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South Africa is preparing for heavier rain after floods killed hundreds South Africa

South Africa is preparing for heavier rainfall in areas affected by massive and deadly rainfall earlier this week.

More than 300 people have died in floods in and around the eastern coastal town of Durban in recent days. On Wednesday, President Cyril Ramaphosa described the flood as a “huge catastrophe”, linking it directly to the climate emergency.

“This tells us that climate change is serious, it’s here,” Ramaphosa said as he visited the flooded eThekwini district of the capital, which includes Durban. “We can no longer postpone what we need to do and the measures we need to take to tackle climate change.

The South African Meteorological Service has warned of continued strong winds and rain, leading to the risk of new floods in KwaZulu-Natal and some other provinces over the weekend.

Transport containers taken away and left in a pile by the Durban floods. Photo: AP

Meteorologists said they were surprised by the flood. Some parts of KwaZulu-Natal record almost their average annual rainfall for 48 hours.

“While the impact-based warnings were indeed issued in a timely manner, extremely heavy rainfall appears to have exceeded even the expectations of the South African meteorological community as a whole,” the meteorological service said in a statement.

The Office said that although it is impossible to attribute a single event to the climate crisis, “we can say with confidence that worldwide (as a direct result of global warming and related climate change) all forms of severe and extreme weather conditions … are becoming more frequent and extreme than in the recent past. In other words, heavy rains like the current incident can be expected … to be repeated in the future and with increasing frequency. “

The death toll is expected to increase as search and rescue operations continue in KwaZulu-Natal, officials said.

“KwaZulu-Natal will be declared a provincial disaster area so that we can do things quickly. “Bridges have collapsed, roads have collapsed, people have died and people have been injured,” Ramaphosa said.

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Along with the loss of human life, the damage to infrastructure was great. The port of Durban, the busiest in South Africa, was severely affected.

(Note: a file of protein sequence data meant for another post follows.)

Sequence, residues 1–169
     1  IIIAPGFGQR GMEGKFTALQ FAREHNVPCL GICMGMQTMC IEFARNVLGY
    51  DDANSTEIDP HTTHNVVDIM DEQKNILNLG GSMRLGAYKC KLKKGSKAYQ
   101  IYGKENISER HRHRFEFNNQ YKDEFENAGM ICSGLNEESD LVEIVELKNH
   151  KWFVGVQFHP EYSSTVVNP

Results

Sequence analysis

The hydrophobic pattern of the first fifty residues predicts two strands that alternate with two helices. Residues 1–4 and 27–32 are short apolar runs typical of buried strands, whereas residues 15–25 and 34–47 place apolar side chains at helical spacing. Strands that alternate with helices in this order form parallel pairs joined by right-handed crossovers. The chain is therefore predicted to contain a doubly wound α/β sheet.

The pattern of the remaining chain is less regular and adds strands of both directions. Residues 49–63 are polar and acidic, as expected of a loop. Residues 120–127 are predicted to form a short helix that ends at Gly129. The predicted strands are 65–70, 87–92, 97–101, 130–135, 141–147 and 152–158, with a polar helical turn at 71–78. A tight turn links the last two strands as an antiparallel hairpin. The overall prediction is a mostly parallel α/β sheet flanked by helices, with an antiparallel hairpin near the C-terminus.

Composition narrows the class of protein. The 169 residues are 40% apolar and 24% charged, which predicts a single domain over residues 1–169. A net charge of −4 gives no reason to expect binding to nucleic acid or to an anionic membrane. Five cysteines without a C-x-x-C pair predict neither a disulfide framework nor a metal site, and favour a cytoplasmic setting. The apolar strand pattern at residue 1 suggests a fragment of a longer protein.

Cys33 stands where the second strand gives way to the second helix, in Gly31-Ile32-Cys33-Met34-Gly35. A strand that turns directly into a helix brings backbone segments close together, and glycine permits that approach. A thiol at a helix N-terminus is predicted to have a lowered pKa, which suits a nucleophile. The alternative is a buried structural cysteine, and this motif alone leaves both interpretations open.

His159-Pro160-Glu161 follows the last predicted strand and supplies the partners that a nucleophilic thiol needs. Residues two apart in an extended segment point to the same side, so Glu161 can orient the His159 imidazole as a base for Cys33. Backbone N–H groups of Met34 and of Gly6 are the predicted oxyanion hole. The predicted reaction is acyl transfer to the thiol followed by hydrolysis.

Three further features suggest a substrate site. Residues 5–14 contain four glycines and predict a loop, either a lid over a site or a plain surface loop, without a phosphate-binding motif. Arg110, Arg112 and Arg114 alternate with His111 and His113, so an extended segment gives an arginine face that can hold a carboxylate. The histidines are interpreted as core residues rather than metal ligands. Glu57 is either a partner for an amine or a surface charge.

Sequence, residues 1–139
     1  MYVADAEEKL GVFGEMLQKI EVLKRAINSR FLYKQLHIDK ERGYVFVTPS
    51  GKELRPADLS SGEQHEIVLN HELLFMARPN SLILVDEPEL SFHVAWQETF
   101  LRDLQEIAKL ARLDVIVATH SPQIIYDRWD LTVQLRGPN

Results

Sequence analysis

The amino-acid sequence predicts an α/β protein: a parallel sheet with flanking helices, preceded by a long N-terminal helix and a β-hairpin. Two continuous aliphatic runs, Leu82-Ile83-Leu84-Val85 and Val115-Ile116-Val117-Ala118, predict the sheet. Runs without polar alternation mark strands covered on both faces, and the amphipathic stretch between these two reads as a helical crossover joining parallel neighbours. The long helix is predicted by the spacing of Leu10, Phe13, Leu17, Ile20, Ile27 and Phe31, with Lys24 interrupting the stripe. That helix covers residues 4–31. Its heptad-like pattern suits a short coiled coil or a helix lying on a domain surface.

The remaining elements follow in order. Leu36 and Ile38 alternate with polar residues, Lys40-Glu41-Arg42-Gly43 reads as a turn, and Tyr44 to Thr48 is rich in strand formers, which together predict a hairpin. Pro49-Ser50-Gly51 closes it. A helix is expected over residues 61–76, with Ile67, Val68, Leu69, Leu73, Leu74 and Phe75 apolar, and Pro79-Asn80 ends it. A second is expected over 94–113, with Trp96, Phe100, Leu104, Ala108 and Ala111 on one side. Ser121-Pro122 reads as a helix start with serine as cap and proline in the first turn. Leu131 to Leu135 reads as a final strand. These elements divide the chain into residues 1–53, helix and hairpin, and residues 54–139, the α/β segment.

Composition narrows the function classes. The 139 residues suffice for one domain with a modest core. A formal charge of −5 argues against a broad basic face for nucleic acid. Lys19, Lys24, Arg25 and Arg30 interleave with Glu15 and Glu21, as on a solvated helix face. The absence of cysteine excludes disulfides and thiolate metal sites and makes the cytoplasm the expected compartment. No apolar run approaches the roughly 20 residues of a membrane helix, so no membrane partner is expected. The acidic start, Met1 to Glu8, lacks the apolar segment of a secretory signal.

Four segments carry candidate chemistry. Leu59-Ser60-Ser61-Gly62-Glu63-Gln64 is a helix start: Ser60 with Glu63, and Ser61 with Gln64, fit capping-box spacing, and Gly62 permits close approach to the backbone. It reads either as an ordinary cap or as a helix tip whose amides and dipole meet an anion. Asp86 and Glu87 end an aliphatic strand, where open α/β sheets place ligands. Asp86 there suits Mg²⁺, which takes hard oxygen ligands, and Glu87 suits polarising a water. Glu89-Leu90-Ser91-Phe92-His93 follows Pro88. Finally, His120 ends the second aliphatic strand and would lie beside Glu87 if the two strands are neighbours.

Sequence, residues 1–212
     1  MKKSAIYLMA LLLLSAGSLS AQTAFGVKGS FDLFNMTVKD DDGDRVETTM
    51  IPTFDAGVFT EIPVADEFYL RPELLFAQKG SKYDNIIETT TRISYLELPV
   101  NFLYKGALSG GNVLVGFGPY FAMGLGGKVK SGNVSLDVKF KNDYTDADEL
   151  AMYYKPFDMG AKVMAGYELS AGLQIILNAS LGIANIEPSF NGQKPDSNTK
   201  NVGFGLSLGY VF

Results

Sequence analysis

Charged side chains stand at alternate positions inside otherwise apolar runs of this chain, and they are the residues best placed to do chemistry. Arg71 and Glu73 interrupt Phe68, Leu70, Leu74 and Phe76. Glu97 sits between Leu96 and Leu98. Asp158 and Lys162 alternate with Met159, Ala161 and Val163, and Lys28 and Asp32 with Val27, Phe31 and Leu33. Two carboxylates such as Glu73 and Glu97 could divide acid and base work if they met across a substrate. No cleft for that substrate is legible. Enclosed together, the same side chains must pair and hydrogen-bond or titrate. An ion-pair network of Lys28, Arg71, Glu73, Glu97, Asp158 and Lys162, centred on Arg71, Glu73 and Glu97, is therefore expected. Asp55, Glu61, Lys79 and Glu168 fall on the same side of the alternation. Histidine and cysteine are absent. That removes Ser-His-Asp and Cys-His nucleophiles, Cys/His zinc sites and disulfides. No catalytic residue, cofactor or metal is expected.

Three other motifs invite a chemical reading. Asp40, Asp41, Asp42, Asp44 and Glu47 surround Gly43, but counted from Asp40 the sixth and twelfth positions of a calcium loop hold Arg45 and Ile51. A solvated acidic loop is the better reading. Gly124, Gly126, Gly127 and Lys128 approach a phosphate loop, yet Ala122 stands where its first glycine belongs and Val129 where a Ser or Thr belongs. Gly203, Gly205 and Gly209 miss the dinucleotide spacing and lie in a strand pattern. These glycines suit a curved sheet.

In one city, a Methodist church was swept away. A Hindu temple was severely damaged in Umhlatuzana, Chatsworth, near Durban, after a river overflowed its banks. Elsewhere, floods caused massive landslides.

Many people were injured. Nokutula Ntantiso’s house survived, but many others in her town of Umlazi did not. “It’s scary because I didn’t sleep even last night, because I was wondering if even that [home] in which I sleep, it can collapse at any time, “said the 31-year-old call center operator.

Authorities have sought to restore electricity in large parts of the province after heavy flooding at various power plants. NGOs worked to distribute clean water. A dozen crocodiles that disappeared from breeding lakes after torrential rains flooded a crocodile farm near Durban were reportedly captured.

Rescue efforts by South African national defense forces have been delayed as the military air wing was affected by the floods, General Rudzani Mapvanya said. The military managed to deploy personnel and helicopters around the province on Wednesday, he said.

Rain continued in parts of Durban on Wednesday afternoon and a flood warning was issued for the neighboring province of Eastern Cape.

Durban is struggling to recover from last July’s deadly riots that killed more than 350 people, the worst riots in South Africa since the end of apartheid.